Bilingualism, the Charter, and the Lieutenant Governor of New Brunswick

The Queen’s Bench of New Brunswick just ruled that the appointment of a unilingual Lieutenant Governor by the federal government violates the Charter. However, Chief Justice DeWare declined to invalidate the appointment, noting the significant ramifications of doing so (i.e. basically declaring that all legislative enactments and executive decrees since the appointment would be null and void.)

This is an interesting, but implausible, ruling.

Among other things, the ruling side steps the most important counterpoint: that one constitutional provision shouldn’t invalidate another. Section 58 of the Constitution Act 1867 is a constitutional provision. Treating it as a common law prerogative to ensure that the appointment is justiciable and subject to a Charter challenge looks like a sleight of hand. Put differently, the appointment of an LG is a constitutional power of the federal Cabinet, not an authority recognized at common law that can be displaced by statute.

Yes, the appointment of an LG is without a doubt an executive action by the Prime Minister. But it’s hard for me to accept that it’s not a constitutionally insulated decision in terms of who is named, not only as a political question but in terms of the Crown’s discretion over vice-regal representatives. I also don’t see how this ruling aligns with past findings regarding ministerial and senatorial appointments.

Next, the ruling tells us that this isn’t about the bilingualism of the LG as an individual, but about the LG as a institution. As per the Charter, people in New Brunswick have the right to communicate with, and get services from, provincial institutions in either French or English. In order to get around the fact that a member of the public would get communications and services from the office of the LG in either language, though, the ruling still points out that the LG herself doesn’t speak French, and that nobody else can act for the LG, meaning that someone couldn’t communicate with a member of the public in that language in her stead. So, the issue isn’t the attributes of the LG as a person, but of the institution, though the LG is so unique as a institution that the attributes of the LG as a person are what matters here. That’s a lot to unpack and wrap one’s head around.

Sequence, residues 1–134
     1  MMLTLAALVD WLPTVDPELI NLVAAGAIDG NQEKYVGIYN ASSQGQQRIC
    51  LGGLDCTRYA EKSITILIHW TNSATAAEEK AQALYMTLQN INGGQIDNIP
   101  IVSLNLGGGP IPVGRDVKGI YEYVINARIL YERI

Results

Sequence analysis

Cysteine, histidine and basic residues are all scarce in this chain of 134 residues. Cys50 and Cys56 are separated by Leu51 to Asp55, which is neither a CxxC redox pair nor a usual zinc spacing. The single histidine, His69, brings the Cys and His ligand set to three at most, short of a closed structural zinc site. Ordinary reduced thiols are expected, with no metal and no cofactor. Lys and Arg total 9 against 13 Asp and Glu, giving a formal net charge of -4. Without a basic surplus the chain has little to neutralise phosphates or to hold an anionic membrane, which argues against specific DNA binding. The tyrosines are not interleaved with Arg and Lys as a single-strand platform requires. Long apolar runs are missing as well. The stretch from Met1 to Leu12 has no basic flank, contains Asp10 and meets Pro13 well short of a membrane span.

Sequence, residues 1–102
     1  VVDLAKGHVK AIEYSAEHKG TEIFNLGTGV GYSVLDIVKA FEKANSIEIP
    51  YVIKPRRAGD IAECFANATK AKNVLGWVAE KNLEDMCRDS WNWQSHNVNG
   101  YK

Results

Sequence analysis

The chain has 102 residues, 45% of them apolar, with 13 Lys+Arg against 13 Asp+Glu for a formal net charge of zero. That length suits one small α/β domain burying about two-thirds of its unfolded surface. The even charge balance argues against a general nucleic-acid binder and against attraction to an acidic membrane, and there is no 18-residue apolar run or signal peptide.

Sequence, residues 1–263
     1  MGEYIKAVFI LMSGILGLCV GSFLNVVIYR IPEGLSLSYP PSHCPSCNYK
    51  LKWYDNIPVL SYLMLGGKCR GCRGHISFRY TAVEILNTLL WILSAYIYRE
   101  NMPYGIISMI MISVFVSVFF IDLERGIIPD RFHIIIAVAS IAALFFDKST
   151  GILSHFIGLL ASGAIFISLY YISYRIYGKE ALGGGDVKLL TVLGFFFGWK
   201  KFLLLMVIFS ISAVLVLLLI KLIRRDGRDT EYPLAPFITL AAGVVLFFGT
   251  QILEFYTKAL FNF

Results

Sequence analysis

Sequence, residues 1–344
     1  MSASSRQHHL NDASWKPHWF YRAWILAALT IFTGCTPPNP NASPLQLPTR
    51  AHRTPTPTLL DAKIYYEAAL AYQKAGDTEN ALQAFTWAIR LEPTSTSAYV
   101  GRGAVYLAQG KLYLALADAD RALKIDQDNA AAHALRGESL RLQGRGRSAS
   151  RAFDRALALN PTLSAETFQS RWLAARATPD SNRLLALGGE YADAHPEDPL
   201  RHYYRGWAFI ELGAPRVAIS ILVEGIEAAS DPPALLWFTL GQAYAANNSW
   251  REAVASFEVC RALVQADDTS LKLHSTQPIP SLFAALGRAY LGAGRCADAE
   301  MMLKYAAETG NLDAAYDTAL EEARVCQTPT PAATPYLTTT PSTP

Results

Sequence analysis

The ruling makes important points about the LG’s role in New Brunswick society and how the province’s bilingual essence is recognized by the constitution. Still, I can’t help but feel that the issue here isn’t about Charter compliance, but about constitutional convention. The idea that someone’s Charter rights are being violated because the LG can’t engage in conversations in French seems like a really big stretch.

To my mind, the ruling would have been on much firmer ground had it found that the Canadian constitution includes a convention that the Governor General and Lieutenant Governor of New Brunswick should be bilingual in English and French. The Charter could have been used to bolster the case that this convention exists. The court could therefore have found that the convention was violated in this case, but that as a political rule, the convention is not judicially enforceable.

Instead, the ruling uses an expansive understanding and application of the Charter to arrive at the conclusion that the government violated the Charter when appointing a largely ceremonial figurehead, but that it is up to the federal executive to find a remedy as per Khadr and the separation of powers. Basically, there was a much easier and more plausible an way to get to the same end result. Indeed, I can’t help but feel that the ruling will collapse on appeal on account of its highly complex and contestable interpretations of the interaction between different parts of the constitution.

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